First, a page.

I’m a man of two worlds. I’m at home onstage in a musical, sketching in an art class, or out in the woods collecting wasps. For years I saw this as a problem. I thought I was too much of a scientist for art and too much of an artist for science. What is an … Continue reading Why Blog about Science and Art?
Had the privilege of attending a fabulous event as part of the Edinburgh Science Festival (which, SURPRISE, I am also working for. See my badge below!): Science Theatre Scratch Night. I found it illuminating and inspiring. The evening consisted of six short performances about science across a range of theatrical styles. There were monologues, short … Continue reading Science Theatre Scratch Night
I think what drew me to science was never data, figures, or facts. I always like the stories. That’s certainly how I ended up in biology. Though I’ve come to realize there are stories to be told in any area of science, biology particularly lends itself to narrative conceptualization. Species and organisms are characters. The … Continue reading Microbiology Stories and a Science Comic
I remain in awe of the museums in London. I specifically chose Edinburgh to study Science Communication because of the great culture of SciComm in this city, and I am delighted overall to be living here. But I can’t help but visit London every now and again because there is something special there in terms … Continue reading Revisiting the Natural History Museum
One of the finest illustrators of the 19th century and an exhaustive researcher, John James Audubon made his mark across disciplines with his work on birds. He identified 25 new species of bird in his lifetime, and his major work, a color-plate book entitled The Birds of America, is considered one of the finest ornithological works … Continue reading SciArtist Profile: John James Audubon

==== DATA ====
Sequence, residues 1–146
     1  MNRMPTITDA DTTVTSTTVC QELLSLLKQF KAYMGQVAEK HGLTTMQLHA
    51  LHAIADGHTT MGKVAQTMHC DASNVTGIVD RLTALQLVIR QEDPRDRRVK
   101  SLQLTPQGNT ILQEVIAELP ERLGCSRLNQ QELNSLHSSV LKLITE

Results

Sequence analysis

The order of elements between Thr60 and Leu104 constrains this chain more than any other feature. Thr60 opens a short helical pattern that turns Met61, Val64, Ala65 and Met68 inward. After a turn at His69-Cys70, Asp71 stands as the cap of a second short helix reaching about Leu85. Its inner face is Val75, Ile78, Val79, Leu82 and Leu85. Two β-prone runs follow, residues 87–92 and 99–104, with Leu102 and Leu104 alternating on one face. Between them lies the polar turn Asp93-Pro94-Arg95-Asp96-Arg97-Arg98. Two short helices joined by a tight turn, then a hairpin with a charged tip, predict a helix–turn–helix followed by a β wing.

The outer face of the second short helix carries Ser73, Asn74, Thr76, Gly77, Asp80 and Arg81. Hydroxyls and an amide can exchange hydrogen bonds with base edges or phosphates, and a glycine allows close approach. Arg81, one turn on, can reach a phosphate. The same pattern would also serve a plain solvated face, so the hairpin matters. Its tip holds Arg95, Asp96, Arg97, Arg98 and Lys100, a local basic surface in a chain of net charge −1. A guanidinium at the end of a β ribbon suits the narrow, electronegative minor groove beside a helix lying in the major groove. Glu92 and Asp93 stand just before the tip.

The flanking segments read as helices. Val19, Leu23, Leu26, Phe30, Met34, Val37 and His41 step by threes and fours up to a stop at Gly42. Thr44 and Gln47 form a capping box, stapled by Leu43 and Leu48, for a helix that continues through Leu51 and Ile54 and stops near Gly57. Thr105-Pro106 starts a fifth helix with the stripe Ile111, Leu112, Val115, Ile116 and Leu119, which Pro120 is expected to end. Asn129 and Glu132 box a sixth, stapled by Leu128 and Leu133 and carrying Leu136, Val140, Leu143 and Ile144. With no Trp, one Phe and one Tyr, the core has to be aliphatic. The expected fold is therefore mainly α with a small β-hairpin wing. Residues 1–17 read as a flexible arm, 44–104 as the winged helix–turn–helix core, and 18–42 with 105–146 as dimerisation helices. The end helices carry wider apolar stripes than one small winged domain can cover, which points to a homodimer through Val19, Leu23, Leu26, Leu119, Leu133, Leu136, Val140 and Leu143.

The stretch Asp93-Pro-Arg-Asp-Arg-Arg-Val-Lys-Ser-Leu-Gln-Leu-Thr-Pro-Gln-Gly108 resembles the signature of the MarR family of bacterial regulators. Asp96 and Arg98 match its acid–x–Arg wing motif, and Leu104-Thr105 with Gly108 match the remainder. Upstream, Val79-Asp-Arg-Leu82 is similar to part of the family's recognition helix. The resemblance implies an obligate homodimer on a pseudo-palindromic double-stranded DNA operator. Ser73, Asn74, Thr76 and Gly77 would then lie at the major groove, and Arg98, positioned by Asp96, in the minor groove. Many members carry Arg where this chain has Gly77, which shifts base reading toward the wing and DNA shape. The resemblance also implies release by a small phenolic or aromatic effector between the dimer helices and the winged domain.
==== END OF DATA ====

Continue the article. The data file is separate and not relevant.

My friend recently purchased one of those trippy light fixtures that makes red, green and blue waves on the ceiling. It’s very relaxing. Looks something like this. As I watched it, I noted how well those colors work together in a lightshow. That got me thinking about the differences between color interactions in light and … Continue reading Light and Pigment
This topic might do well for another little series. I have been thinking a great deal lately about how the role technology plays in two-dimensional design. This is mostly because I am highly interested in design, but don’t consider myself a very skilled draftsman. But technology allows me to be a designer without cultivating the … Continue reading Technology and Design: Adobe Illustrator
I have begun a new project and thought that’d be worth sharing today. Won’t be writing a great deal on it, but a picture is worth a thousand words so sharing this illustration is two blog posts…. Right? I recently had to teach myself how to use InDesign to do a school project, and it’s … Continue reading New Project: CELL[F] STARTED
I recently had the pleasure of actually seeing some of my work display (though not particularly great work). The Main Library at University of Edinburgh has a display up from something I did about art and science. The postcards were created as part of a collaborative workshop. hosted by InterSci, a University a student society … Continue reading Interdisciplinary Postcards!
Another entry in my science of paint series. Today’s post is about what I consider to be unequivocally the most diverse material for creating traditional paintings: Acrylic paint. One would think that the answer would be oil paint, but with the vast range of mediums and additives available for acrylic paint, my own opinion has … Continue reading Science of Paint: Acrylic Paint and the Environment
A while back I wrote about scientific illustrators and how they are required to have an insane amount of raw technical skill. I also wrote about how because of this, I would never BE a scientific illustrator. Well as it turns out, this applies to a multitude of virtuosic art forms. Another thing I will … Continue reading The Superbrains of Concert Pianists